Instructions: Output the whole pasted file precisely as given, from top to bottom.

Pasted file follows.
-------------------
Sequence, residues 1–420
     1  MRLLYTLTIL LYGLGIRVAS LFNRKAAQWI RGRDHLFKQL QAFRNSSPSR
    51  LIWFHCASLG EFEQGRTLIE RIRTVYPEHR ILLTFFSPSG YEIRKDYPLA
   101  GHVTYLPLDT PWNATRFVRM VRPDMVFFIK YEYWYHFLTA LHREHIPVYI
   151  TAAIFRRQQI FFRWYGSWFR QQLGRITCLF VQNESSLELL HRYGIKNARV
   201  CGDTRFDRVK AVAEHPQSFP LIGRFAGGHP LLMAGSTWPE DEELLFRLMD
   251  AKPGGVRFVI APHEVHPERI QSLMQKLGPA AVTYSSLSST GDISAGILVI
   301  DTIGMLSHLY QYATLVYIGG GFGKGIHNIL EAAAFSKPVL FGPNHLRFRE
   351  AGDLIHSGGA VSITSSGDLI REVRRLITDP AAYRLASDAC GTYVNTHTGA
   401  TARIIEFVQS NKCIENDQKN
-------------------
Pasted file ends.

Sequence, residues 1–420
     1  MRLLYTLTIL LYGLGIRVAS LFNRKAAQWI RGRDHLFKQL QAFRNSSPSR
    51  LIWFHCASLG EFEQGRTLIE RIRTVYPEHR ILLTFFSPSG YEIRKDYPLA
   101  GHVTYLPLDT PWNATRFVRM VRPDMVFFIK YEYWYHFLTA LHREHIPVYI
   151  TAAIFRRQQI FFRWYGSWFR QQLGRITCLF VQNESSLELL HRYGIKNARV
   201  CGDTRFDRVK AVAEHPQSFP LIGRFAGGHP LLMAGSTWPE DEELLFRLMD
   251  AKPGGVRFVI APHEVHPERI QSLMQKLGPA AVTYSSLSST GDISAGILVI
   301  DTIGMLSHLY QYATLVYIGG GFGKGIHNIL EAAAFSKPVL FGPNHLRFRE
   351  AGDLIHSGGA VSITSSGDLI REVRRLITDP AAYRLASDAC GTYVNTHTGA
   401  TARIIEFVQS NKCIENDQKN